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Writing for the Electronic Greeting Card Market:
An Interview with Nadia Ali

by Moira Allen

Nadia Ali began her writing career as an online greeting card writer and has had countless published since. She has also had success in the paper greeting card and slogan markets.

What types of material do electronic greeting card markets look for? (E.g., do they look for longer verses, or just very short material?)

In general, electronic greeting card markets look for humorous, punch-line material.

What are some of the advantages you've found in writing for electronic greeting cards?

The biggest advantage of writing online is the turnover of ideas. Normally it takes a maximum of three working days to receive a reply from an editor as to what he thinks about your submitted material. This means that if editing is required it can be done straight away and re-submitted. Material that has been rejected is painlessly done, as your hopes don't have time to build too high.

What are some of the disadvantages of working for this market?

The disadvantages for working for this market is that you never really get to see the finished product, unless you are willing to go through the categories of cards searching for the title of the one you created. The other disadvantage for working for an online greeting card market is that unless you are attached to one that gives credit to the writer your work is nameless, so you come like a ghost writer.

How does the electronic greeting card market differ from the print market?

The online card service is built on immediate trends. If, for instance, there is a big news headline or event they can automatically cash in on its popularity, as was seen online by the various cards for the recent USA elections with Bush and Gore. Also because they can monitor which cards are sent, you can see from their daily top ten sent cards whether your card is very popular or not.

How does one break into this market?

It's actually a lot more difficult than I thought, having been at the right place, at the right time and being accepted as a writer straight away. I understand from other writers that the online greeting card market is a case of luck and chance. Most online companies tend to have a pool of in-house writers who satisfy their greeting card needs. They only seek outside help when they are in need. At the point when I joined blab.com formerly ecards.com, they were aiming to significantly increase the card count available on their site.

What pay range can you expect in this market?

Unfortunately the pay is low at $10 per card idea at blab.com, unlike the paper greeting card market which can range from $75 to as high as $200 per card idea.

How do you submit material to the market?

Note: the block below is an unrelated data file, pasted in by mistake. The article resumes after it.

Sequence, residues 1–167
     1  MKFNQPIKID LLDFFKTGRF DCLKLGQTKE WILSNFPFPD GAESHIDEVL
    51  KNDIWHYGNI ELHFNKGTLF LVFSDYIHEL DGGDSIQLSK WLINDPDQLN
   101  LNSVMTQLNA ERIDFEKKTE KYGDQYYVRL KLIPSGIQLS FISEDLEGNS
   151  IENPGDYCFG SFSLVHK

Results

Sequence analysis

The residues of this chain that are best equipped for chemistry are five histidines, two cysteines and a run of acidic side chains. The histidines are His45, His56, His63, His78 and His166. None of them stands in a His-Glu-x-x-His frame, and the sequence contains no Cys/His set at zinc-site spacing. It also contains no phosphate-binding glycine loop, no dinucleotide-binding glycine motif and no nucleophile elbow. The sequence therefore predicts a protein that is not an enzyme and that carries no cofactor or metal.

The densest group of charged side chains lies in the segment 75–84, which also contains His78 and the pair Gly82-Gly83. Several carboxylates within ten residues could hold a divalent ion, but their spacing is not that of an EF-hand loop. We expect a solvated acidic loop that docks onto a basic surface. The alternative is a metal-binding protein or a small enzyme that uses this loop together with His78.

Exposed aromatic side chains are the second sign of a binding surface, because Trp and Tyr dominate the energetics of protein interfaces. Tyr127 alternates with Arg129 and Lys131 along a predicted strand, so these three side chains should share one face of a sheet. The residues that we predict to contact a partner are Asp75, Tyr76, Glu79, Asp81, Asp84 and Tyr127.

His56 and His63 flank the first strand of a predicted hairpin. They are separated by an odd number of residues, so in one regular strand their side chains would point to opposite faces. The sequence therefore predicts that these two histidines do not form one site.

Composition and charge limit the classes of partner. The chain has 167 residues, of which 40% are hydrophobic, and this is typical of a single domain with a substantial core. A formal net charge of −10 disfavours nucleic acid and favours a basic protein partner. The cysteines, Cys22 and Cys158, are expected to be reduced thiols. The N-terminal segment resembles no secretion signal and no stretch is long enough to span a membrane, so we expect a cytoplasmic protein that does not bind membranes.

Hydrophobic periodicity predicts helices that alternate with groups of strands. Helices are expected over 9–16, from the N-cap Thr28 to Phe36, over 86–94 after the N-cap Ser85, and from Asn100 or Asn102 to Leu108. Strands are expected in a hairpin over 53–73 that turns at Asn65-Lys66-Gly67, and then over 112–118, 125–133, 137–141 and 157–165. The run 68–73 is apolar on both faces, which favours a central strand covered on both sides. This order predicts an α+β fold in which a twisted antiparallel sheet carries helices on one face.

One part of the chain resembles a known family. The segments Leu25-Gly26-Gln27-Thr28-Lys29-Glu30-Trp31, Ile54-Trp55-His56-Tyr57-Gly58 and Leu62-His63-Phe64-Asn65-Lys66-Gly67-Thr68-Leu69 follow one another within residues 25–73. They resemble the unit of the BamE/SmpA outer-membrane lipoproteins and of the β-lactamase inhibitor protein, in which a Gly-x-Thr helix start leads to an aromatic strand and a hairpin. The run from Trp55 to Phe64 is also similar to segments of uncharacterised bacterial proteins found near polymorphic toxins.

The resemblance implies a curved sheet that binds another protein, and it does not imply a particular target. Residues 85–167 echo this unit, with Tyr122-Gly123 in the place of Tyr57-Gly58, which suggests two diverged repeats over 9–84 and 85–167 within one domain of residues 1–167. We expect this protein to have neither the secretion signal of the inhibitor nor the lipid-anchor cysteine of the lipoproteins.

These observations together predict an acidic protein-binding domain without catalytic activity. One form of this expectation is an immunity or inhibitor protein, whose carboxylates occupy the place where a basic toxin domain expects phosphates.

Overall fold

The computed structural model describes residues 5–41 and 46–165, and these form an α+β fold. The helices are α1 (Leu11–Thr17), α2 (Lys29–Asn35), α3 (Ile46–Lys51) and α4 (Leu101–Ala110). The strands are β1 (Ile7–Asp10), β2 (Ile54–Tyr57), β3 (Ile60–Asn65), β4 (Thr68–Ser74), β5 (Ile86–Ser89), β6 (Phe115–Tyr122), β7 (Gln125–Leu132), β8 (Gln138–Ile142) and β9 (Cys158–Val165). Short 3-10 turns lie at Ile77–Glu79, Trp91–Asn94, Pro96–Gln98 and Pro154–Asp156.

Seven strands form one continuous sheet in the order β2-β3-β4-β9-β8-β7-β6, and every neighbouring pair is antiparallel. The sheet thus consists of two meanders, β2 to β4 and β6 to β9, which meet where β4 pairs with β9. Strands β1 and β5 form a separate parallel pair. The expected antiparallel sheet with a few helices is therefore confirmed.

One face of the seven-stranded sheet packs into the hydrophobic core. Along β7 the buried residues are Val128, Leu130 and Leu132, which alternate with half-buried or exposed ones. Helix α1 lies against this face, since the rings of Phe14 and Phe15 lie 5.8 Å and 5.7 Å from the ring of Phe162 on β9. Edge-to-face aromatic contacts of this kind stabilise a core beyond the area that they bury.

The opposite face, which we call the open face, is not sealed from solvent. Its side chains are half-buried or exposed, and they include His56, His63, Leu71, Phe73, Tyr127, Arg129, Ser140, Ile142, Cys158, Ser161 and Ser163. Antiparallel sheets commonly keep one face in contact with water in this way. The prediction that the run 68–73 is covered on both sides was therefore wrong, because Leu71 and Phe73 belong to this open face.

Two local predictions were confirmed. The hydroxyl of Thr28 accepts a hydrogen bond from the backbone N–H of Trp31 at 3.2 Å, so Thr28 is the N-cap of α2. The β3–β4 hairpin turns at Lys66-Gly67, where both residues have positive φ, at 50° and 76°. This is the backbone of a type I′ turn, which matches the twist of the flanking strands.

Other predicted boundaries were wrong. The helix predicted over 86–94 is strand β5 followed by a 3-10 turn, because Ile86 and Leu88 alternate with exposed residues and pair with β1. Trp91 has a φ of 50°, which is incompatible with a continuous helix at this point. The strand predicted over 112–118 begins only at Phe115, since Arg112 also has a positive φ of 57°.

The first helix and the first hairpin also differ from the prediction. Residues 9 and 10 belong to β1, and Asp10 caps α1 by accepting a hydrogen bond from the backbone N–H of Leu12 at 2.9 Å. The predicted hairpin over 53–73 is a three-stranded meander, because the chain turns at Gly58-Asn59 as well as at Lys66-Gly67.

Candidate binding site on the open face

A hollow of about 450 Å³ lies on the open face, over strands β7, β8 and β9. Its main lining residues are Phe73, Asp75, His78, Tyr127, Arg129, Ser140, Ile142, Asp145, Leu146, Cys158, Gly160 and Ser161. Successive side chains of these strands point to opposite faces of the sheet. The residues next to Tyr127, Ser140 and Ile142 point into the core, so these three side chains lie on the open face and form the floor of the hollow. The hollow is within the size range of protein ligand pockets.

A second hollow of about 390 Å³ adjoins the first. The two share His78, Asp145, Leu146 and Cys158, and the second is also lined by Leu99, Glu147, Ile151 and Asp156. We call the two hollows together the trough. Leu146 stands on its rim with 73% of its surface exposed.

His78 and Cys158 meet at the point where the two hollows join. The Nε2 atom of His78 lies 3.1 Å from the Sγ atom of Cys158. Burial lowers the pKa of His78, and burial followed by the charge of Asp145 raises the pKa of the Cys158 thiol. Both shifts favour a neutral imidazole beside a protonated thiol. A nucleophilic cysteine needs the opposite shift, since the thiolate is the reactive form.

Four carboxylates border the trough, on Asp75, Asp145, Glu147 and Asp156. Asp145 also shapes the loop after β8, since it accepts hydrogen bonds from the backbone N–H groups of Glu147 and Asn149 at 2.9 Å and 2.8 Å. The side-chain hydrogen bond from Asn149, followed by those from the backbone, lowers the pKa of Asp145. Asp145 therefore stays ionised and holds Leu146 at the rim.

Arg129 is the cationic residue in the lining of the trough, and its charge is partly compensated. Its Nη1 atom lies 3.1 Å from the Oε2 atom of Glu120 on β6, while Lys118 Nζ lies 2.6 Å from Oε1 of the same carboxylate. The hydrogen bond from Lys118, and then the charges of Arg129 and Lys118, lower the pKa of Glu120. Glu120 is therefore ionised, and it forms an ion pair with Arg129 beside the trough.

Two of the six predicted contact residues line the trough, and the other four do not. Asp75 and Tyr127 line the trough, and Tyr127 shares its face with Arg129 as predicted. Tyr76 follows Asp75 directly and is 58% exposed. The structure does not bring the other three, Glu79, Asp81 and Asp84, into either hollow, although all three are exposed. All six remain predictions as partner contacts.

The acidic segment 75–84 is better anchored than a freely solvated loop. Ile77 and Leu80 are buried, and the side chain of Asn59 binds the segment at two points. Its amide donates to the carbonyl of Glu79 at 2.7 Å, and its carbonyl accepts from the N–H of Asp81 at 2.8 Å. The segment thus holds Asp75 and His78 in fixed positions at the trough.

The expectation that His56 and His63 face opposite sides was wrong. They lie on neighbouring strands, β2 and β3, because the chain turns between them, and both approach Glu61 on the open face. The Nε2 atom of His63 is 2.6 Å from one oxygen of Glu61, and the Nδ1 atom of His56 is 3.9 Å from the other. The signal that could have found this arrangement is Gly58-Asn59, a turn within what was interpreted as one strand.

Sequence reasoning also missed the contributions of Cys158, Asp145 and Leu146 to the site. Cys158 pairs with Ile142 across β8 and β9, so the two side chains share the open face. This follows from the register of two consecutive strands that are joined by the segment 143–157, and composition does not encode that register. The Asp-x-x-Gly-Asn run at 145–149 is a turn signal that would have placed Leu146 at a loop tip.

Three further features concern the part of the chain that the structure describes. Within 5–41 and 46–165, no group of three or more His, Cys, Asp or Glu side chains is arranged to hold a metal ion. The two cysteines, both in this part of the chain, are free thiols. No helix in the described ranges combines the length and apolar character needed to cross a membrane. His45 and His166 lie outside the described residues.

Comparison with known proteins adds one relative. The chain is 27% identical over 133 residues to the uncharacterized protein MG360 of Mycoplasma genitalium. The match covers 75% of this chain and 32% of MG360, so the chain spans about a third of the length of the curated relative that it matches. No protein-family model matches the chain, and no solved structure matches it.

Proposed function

Before you can submit any ideas, you have to be an accepted writer by the online greeting card market. This means that you will be given access to the developers area where you have your own password and login name. Once you gain access to this area you can submit card ideas on a pre-loaded descriptive area which permits the use of four scenes to make an animated or interactive card giving graphic descriptions of your idea to the graphic artist who will make it into a fully operative animated card.

How much do you have to know about graphic design to work for this market? Do you have to be able to actually draw a design?

You do not need to know any graphic design for this. What you do need is the ability to visualize your card and be able to describe the various scenes you wish to be illustrated. For example, with a simple Mothers' Day card. For the first scene I would introduce a character of a little girl, she skips into a garden scene, holding a red heart in her hand. For the second scene the girl starts waving the heart in the air. For the final scene, we see just a head and shoulders shot with her saying, "I Love You Mom". The graphic artist will then take this and animate it according to what the description states.

What tips would you offer to writers seeking to break into this market?

While it is a difficult market to get into, perseverance and keeping an eye open for job openings is needed. Check online sites, some have 'jobs" or "employment" areas and others you may be able to locate in the 'about us' area. You can always just send a query letter asking if anything is available. Writers Write offer an online message board, specifically on the greeting card market at http://www.writerswrite.com, scroll down to specialty sections and click on greeting cards.

Copyright © 2001 Moira Allen

This article may be reprinted provided that the author's byline, bio, and copyright notice are retained in their entirety. For complete details on reprinting articles by Moira Allen, please click HERE.


Moira Allen is the editor of Writing-World.com, and has written nearly 400 articles, serving as a columnist and regular contributor for such publications as The Writer, Entrepreneur, Writer's Digest, and Byline. An award-winning writer, Allen is the author of eight books, including Starting Your Career as a Freelance Writer, The Writer's Guide to Queries, Pitches and Proposals, and Writing to Win: The Colossal Guide to Writing Contests. In addition to Writing-World.com, Allen hosts Mostly-Victorian.com, a growing archive of articles from Victorian periodicals, and The Pet Loss Support Page, a resource for grieving pet owners. She lives in Maryland with her husband and the obligatory writer's cat. She can be contacted at editors "at" writing-world.com.

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